So, here we go. ‘Auf Wiedersehen’, 2018. Hello, 2019. At this time of year, many of you are probably thinking about what has been and what might be on the agenda for the year ahead. Pondering what you would like to change in your life and achieve in 2019. According to a recent YouGov survey, carried out in cooperation with the Federal Ministry of Labour and Social Affairs, Germans have one thing in particular on their minds. It’s all about the work-life-balance.


Here are the figures: 45 per cent of the survey respondents want flexible working hours and 39 per cent would like to reduce their working hours. Well, who wouldn’t? However, here’s the thing: Germany is actually already doing quite well when it comes to more flexible ways of working. The YouGov survey also asked ‘Does your company offer options to reduce working hours or work part-time?’, and 60 per cent answered that with yes. Not too bad in comparison and from my expat perspective. It’s funny how your perception changes. And my current, one based on having many working relations with Germans in Germany is that they have way more free time than people in the UK. Which might also be down to – watch out, cliché coming up – higher levels of efficiency. But that’s another topic.

Coming back to my impression of the German work-life-balance situation. Of course, I know that this is subjective. At the same time, there are certain things that are just very German for me in a working hours context that I still encounter regularly. Trying to get hold of someone on a Friday afternoon can be difficult at times (motto: come in early to make off into the weekend as soon as possible). Then there are the regular ‘Brückentage’, the famous German Fridays between bank/public holidays and the weekend. Don’t expect to find too many at work then and something to consider for everyone who has regular business relations with Germans. I mean, come on, who in their right mind would come in for just one day!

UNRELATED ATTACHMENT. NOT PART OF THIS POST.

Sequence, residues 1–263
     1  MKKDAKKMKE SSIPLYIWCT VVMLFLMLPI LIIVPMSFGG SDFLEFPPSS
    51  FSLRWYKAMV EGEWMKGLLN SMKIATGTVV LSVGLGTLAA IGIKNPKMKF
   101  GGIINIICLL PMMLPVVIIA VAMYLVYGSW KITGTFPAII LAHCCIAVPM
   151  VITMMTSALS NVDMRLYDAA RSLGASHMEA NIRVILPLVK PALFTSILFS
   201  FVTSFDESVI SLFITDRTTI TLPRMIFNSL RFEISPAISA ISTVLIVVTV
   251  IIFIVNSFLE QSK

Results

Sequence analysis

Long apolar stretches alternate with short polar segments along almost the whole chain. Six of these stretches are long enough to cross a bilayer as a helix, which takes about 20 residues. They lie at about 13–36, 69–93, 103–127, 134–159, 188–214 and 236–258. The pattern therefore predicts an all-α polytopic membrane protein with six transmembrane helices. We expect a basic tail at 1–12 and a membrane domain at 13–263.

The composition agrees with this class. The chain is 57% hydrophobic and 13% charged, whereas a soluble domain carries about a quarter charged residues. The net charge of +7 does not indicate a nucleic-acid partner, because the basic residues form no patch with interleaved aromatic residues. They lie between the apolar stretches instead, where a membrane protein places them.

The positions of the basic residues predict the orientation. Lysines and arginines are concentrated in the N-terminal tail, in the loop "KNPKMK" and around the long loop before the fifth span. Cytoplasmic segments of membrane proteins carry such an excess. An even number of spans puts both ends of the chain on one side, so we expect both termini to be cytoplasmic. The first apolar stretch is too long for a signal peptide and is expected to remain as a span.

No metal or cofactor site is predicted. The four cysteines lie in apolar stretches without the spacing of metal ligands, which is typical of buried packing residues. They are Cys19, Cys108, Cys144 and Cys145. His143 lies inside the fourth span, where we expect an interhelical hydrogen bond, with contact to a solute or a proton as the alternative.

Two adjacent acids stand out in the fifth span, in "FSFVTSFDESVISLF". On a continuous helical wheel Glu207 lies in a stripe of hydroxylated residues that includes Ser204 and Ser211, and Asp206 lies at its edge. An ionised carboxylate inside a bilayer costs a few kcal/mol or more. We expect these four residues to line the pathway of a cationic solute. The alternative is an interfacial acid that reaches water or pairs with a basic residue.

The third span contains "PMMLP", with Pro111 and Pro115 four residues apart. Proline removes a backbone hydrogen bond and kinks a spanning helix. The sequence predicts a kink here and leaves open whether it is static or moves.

Then there are the bank/public holidays as such. After many years in the UK, I feel that Germany has just too many of them. In this context, please note that by saying “too many”, I have basically, for Germans, committed a crime. Never, ever try to suggest that the odd “Feiertag” (literally, “a day of celebration”) might be scrapped, it doesn’t go down well in Germany. Mind you, these days of leisure are not an equal figure for all. Depending on which federal state you live in, it’s a few more or less. With 13, Bavaria and its people win (lots of Catholic bank holidays). The good folk of the Bavarian city of Augsburg even get one extra for a special local festivity. In Berlin, Bremen and Hamburg it’s ‘only’ nine. Or, in a nutshell, should you ever consider moving to Germany and a good work-life-balance is high up on your agenda, make sure to move in the right direction ….

Barbara Geier is a London-based freelance writer, translator and communications consultant. She is also the face behind, a German travel and tourism guide and blog that was set up together with UK travel writer Andrew Eames in 2010.

Disclaimer: The views and opinions expressed in this column are those of the author and do not necessarily reflect the official policy or position of Discover Germany Magazine.’

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